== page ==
On Dec. 17, 2006, the Jets came into the Metrodome and left with a 26-13 win after 339 yards passing from Chad Pennington. On Aug. 17, 2007, the Vikings came into the Meadowlands and left with a 37-20 win after harassing Pennington into throwing two touchdowns to defenders.
So what did the Jets or Vikings do differently? It would seem execution was the only difference.
Pennington started this year's game by throwing an interception for a touchdown, but he started last year's game by fumbling away his first possession when he was sacked. In fact, last year the Jets used a similar approach to the one they took Friday night.
Pennington's first four snaps Friday night were designed to be passes – he completed three of them and scrambled for another first down before a running play, followed Pennington's first fateful interception.
He still started his next possession by passing three of the first four snaps, and the Jets even mimicked their no-huddle offense that was so effective against the Vikings last year. While his first possession last year was short-lived, his second possession was a synopsis of what went wrong for the Vikings in the second half of the 2006 season. On New York's second drive of that game, 9 of the first 11 snaps Pennington took were designed to be pass plays, largely from the no-huddle offense. The result was seven completions and one scramble on his way to a touchdown drive.
By halftime of that December game, the Vikings were trailing 23-7 and Pennington had completed 22 of 28 passes for 248 yards and a touchdown for a 115 rating.
This year, Pennington was 7 of 10, but he threw two interceptions and ended with a 37.5 passer rating.
Sure, it's just preseason, but the Vikings' pass defense handled itself better.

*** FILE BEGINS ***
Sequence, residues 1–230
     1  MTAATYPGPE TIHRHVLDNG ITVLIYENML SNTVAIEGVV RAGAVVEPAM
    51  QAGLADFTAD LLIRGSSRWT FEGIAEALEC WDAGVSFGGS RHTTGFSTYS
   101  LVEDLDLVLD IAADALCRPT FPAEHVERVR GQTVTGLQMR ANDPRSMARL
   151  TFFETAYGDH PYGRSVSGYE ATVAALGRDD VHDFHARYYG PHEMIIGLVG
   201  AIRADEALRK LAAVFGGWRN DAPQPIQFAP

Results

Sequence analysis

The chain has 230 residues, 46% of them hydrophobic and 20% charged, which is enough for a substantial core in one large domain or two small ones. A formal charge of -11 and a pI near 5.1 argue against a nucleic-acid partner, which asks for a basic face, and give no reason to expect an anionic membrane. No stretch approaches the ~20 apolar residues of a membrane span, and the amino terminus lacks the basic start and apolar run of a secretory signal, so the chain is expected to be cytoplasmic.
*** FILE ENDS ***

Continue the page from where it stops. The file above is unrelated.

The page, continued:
On a side note, the Jets started their preseason opener last week with 16 consecutive running plays.
While two interception returns for touchdowns by the Vikings defense was impressive, safety Darren Sharper kept it in perspective.
"It's still the preseason so you don't want to read too much into it," Sharper said. "We have to get ready for the regular season and our attitude is to create turnovers and score with the football. If we can continue to improve in that area, it will bode well for us during the season."
Sharper said his experience in the league allowed him to jump a route on his way to a 40-yard return for a touchdown to start the game.
"Our front four was just pinning their ears back and getting good pressure. With the formation they came out in, after playing 11 years I can predict what they were doing," he said. "They had two guys close together with one guy crossing my face and the other guy over the top. … I read Chad Pennington's eyes and he threw it right to me."
Said Pennington: "The only good thing that came out of tonight is that it didn't count."
ROBISON'S BIG EFFORTS
The second-team defense had to wait until the second half to get in the game, but that didn't stop it from making game-turning plays.